It’s unlikely that the team shot at real locations, but production designer Ravi Srivastava adds authenticity with the structure of the location, the sets created by him and his team. Babu’s brothel is more reminiscent of the dirty, downmarket, dangerous Kamathipura.

The cinematography is vital for such dark films that ride on atmospherics. Lukas Bielan, who captured great visuals in films like The Life Of Pi (2012) and Oblivion (2013), captures the beauty of Sonia, and Preeti, but more importantly the underbelly of Mumbai perfectly.  

Bielan’s visuals evoke a sense of fear. He brings this fear out in one grizzly shot when Sonia first lands in the hell. As Sonia gingerly walks through the corridors of hell, Bielan captures the blink-and-miss grisly image of nude women having sex, the act beaming through a translucent curtain. When the film moves to Los Angeles, Bielan captures a breathtaking eagle eye view of multiples bridges overlapping each other.

Mark Duplass plays the voyeuristic uber-rich American who has roped in services of Sonia. Until a few days ago, this poor Indian minor was literally living along with rats, and now she finds herself staying in a sprawling luxury rooftop LA apartment, obligated to make love on a big cosy bed. Sonia is not swayed by the luxury around as her eyes seek only Preeti.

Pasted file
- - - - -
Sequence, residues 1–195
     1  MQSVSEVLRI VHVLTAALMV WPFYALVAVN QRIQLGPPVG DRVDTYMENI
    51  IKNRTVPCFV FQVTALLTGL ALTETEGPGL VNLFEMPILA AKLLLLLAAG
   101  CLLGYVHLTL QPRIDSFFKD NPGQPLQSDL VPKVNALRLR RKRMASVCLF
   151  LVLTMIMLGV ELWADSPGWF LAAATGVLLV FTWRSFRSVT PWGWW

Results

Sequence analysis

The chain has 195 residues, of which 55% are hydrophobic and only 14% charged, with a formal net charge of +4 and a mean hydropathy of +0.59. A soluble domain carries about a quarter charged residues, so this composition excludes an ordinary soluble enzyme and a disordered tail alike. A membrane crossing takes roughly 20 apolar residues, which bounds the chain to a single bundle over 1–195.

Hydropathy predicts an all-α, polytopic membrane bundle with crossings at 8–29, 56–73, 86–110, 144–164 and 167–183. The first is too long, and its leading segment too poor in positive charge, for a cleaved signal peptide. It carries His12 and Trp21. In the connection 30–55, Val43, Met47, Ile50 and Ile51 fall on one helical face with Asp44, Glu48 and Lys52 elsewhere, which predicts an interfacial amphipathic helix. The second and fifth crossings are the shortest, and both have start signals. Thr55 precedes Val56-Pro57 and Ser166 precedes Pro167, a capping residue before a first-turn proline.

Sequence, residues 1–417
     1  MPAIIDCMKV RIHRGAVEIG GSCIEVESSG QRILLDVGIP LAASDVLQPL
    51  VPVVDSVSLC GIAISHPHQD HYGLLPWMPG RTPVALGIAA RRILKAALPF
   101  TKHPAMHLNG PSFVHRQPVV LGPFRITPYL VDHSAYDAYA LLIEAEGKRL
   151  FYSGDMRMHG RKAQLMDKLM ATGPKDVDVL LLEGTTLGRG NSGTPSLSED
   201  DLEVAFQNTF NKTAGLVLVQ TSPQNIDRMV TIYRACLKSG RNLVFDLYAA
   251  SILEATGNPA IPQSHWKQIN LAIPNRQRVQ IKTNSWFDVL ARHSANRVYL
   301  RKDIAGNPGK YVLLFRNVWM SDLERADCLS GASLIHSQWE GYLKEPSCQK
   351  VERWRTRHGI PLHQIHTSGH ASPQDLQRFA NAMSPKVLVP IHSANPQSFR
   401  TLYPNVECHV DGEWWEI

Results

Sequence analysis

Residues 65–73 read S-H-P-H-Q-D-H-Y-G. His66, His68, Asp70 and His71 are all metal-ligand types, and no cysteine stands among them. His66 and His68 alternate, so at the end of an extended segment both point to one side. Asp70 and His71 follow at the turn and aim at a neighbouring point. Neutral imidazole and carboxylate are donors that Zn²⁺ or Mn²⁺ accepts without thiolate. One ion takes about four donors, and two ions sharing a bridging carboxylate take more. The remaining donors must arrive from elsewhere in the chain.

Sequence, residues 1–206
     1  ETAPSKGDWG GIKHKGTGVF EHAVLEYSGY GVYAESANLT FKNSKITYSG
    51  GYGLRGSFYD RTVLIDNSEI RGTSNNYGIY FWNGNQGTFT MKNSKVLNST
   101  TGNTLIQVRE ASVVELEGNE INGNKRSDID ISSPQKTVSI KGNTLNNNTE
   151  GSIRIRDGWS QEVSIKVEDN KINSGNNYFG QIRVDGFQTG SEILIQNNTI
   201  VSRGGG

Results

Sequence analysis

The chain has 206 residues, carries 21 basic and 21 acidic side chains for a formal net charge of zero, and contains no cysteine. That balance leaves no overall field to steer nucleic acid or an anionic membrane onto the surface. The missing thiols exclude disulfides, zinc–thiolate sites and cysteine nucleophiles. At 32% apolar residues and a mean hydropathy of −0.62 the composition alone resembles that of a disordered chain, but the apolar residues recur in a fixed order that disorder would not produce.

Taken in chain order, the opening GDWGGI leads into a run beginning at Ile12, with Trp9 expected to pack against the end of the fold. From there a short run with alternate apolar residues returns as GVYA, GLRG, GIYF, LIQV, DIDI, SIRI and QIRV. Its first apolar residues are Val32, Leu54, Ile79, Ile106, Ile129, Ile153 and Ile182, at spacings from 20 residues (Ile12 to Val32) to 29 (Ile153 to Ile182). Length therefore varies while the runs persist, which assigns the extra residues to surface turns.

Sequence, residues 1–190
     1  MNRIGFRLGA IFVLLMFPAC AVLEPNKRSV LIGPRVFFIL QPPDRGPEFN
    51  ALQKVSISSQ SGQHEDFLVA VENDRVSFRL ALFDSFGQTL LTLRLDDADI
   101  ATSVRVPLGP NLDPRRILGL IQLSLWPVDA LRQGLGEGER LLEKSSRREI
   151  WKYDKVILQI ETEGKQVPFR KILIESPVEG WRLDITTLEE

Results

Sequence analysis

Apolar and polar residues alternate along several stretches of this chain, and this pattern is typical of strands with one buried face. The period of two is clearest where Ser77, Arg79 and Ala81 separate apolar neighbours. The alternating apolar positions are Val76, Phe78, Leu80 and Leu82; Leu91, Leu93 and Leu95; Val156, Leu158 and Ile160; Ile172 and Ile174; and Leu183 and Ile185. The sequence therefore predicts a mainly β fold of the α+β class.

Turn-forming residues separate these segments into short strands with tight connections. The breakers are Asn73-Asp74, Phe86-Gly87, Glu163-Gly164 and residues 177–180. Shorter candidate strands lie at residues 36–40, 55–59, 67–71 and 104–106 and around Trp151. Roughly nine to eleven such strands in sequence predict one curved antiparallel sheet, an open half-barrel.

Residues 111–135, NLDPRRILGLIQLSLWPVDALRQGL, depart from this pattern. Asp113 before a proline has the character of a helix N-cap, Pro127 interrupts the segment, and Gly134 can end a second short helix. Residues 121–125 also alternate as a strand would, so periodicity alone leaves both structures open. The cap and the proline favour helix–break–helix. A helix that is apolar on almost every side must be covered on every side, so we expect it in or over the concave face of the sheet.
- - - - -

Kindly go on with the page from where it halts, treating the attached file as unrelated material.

Hollywood icon Demi Moore has a special role. Her Indian fans will be thrilled to see her as part of an Indian film.

Adil Hussain has the colour of the poor Shiva, but he doesn’t quite fit into his soul. Perhaps, Hussain’s deep, classy voice goes against him here.

Human trafficking is illegal, but perhaps not all the women across the world are forced into it. Poverty ties their hands too. Noorani’s film gives an impression that perhaps all women in these brothels were coerced into the sex trade.

The most defining hard-hitting image of Love Sonia doesn’t come from any act of oppression, but it’s the one involving child actor Sunny Pawar, who shot to fame with Lion (2016). Sonia senses an opportunity to flee, seeking help from the cop who visited the brothel a few minutes ago. As she runs on the street, she asks the child about the cop’s whereabouts. The boy quickly senses who Sonia is and he mutters two obscene words. This is the sad reality of mankind.

While the title of Love Sonia seems out of place, it's quite apt and it’s best that viewers learn this themselves.

There are many Sonias in the world. They don’t seek your love, they don’t seek your apology, all they want is to live fearlessly. They seek your help. All along, man has had the guts to please, dominate, and torment a woman, but very few have had the stomach to bite the bitter truth. The so-called civil society, especially those people living comfortable lives in the skyscrapers of Mumbai, Los Angles and the world, muster some courage and look beneath and you’ll hear the cry of a Sonia.